Playing With: Hoist by His Own Petard
Basic Trope: The villain is defeated and killed by his own weapon or plan.
Back To Hoist by His Own Petard
- Straight: The villain produces a grenade and prepares to throw it at the hero, but it explodes and kills him instead.
- Exaggerated: The villain has constructed a death ray on another planet and is planning to destroy Earth, but it explodes, destroying the planet he is on.
- Downplayed: A gambit intended to give the villain some advantage as part of a larger plan backfires, dealing the villain a temporary setback.
- The weapon has some kind of defect the villain didn't anticipate.
- The weapon had an inherit flaw that the villain could not fix.
- The villain really WAS that dumb and it was only a matter of time.
- The villain was not dumb at all and knew about the risk. He simply took a gamble and lost.
- The hero's weapon backfires, killing him. The villain is completely unharmed.
- The villain sends the hero on a wild-goose chase. This saves the hero's life when he's not there when the villain's base blows up.
- The Knight Templar villain takes a poison to avoid being captured and questioned. Unbeknown to him, the air was carrying a poison gas, and they act as mutual antidotes, leaving him still alive.
- Subverted: The villain's weapon backfires, but he is Not Quite Dead and uses it again to kill the hero.
- Doubly Subverted: The hero is also Not Quite Dead and manages to use the villain's weapon to kill the villain, for good this time.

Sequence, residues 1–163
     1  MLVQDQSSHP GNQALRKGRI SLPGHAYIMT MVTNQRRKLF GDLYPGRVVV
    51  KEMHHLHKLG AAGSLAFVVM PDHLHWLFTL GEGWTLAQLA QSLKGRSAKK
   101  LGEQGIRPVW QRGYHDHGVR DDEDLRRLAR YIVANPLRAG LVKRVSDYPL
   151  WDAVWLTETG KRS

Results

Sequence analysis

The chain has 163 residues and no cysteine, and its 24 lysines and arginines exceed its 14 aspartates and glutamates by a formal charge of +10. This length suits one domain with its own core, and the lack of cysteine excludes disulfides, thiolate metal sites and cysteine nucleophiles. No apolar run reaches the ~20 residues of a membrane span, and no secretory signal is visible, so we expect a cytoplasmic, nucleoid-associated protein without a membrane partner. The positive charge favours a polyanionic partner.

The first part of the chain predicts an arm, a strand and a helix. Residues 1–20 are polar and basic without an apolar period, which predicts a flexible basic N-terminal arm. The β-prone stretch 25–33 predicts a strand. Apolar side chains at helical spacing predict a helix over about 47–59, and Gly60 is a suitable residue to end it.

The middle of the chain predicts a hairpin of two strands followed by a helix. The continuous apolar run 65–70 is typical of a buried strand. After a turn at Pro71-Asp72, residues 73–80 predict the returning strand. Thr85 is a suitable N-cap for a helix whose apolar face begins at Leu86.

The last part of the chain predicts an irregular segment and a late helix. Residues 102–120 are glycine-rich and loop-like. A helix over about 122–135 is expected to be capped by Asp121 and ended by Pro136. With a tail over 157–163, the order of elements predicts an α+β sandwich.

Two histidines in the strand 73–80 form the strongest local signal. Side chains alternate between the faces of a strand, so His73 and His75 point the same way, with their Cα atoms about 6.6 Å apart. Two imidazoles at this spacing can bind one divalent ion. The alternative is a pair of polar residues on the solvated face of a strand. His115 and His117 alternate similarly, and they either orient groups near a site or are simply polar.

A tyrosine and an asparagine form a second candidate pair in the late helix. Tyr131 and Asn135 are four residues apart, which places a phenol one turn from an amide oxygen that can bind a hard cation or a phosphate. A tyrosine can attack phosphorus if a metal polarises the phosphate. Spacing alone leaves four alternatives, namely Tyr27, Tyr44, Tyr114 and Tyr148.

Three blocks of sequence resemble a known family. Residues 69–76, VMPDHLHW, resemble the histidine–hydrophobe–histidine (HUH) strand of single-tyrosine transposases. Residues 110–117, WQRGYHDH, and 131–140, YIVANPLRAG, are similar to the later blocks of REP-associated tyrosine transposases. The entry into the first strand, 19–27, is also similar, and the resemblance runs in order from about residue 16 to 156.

- Parodied: The villain's weapon kills him... because he had his head stuck down the barrel trying to see why it wasn't working.
- Zig Zagged: ???
- The villain's death is not the result of his own weapon.
- The villain doesn't die; he instead changes his ways or reappears in a sequel.
- Enforced: "We've got to have the villain beaten somehow! Let's just make his machinery backfire."
- Lampshaded: "I knew... I should have gone... with the extended warranty..." [Villain dies]
- The heroes provoke the villain into firing his weapon repeatedly, knowing that it'll eventually overheat and explode, killing him.
- Driven to Suicide
- Exploited: ???
- "Minion, make sure that the engineers double, triple and quadruple check that device. I don't want it to blow up in my face when I'm using it."
- Alternatively: All dangerous machinery is operated by redshirts. All powerful weaponry is built so that it can only aim outside the fortress.
- Discussed: "How come these villains always make their machines so shoddy? You'd think they'd learn from all the bad guys who've blown up using their own devices before them."
- Conversed: "Wow, the villains in these stories really need to institute some tighter quality control checks."
- Implied: There is talk in the background about a new handheld explosive being devolved during one scene with the villain. A while later, the villain has a robotic replacement arm.
- Deconstructed: The villain's weaponry comes complete with inherent flaws and is highly unstable, meaning that it could kill anyone at any time; it's a turkey shoot whether it'll even work properly. The villain is aware of this, but the villain is willing to take that chance.
- Reconstructed: Unfortunately for him, the villain is just highly incompetent at using it.
- Plotted A Good Waste: The series has been building up around fate and how things are already decided. The Big Bad, deciding to Screw Destiny, spends a lot of resources building up a new weapon that would allow him to break the chain of events and kill the heroes early. He ends up so bad with it he loses his arm as prophesy says the fight would go.
- Played For Drama: Betty, who suffers depression, decides to try a small practical joke involving a water balloon at the urging of Alice. When it ends up soaking Betty, she gets worse.
Back To Hoist by His Own Petard